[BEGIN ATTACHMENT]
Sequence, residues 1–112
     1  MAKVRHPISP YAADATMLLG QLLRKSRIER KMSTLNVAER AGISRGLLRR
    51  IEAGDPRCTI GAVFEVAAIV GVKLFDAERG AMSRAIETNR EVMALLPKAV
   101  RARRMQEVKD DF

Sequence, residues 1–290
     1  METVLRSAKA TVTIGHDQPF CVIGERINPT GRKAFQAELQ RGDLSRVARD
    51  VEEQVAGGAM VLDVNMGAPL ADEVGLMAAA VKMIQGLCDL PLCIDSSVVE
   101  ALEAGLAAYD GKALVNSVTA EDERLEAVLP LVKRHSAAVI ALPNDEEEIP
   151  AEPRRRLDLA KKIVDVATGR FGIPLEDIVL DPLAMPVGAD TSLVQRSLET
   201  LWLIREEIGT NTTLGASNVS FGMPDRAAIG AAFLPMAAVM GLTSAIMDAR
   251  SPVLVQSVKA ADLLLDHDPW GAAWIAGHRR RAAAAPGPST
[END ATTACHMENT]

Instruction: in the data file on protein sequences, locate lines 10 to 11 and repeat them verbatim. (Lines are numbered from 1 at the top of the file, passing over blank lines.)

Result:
   201  LWLIREEIGT NTTLGASNVS FGMPDRAAIG AAFLPMAAVM GLTSAIMDAR
   251  SPVLVQSVKA ADLLLDHDPW GAAWIAGHRR RAAAAPGPST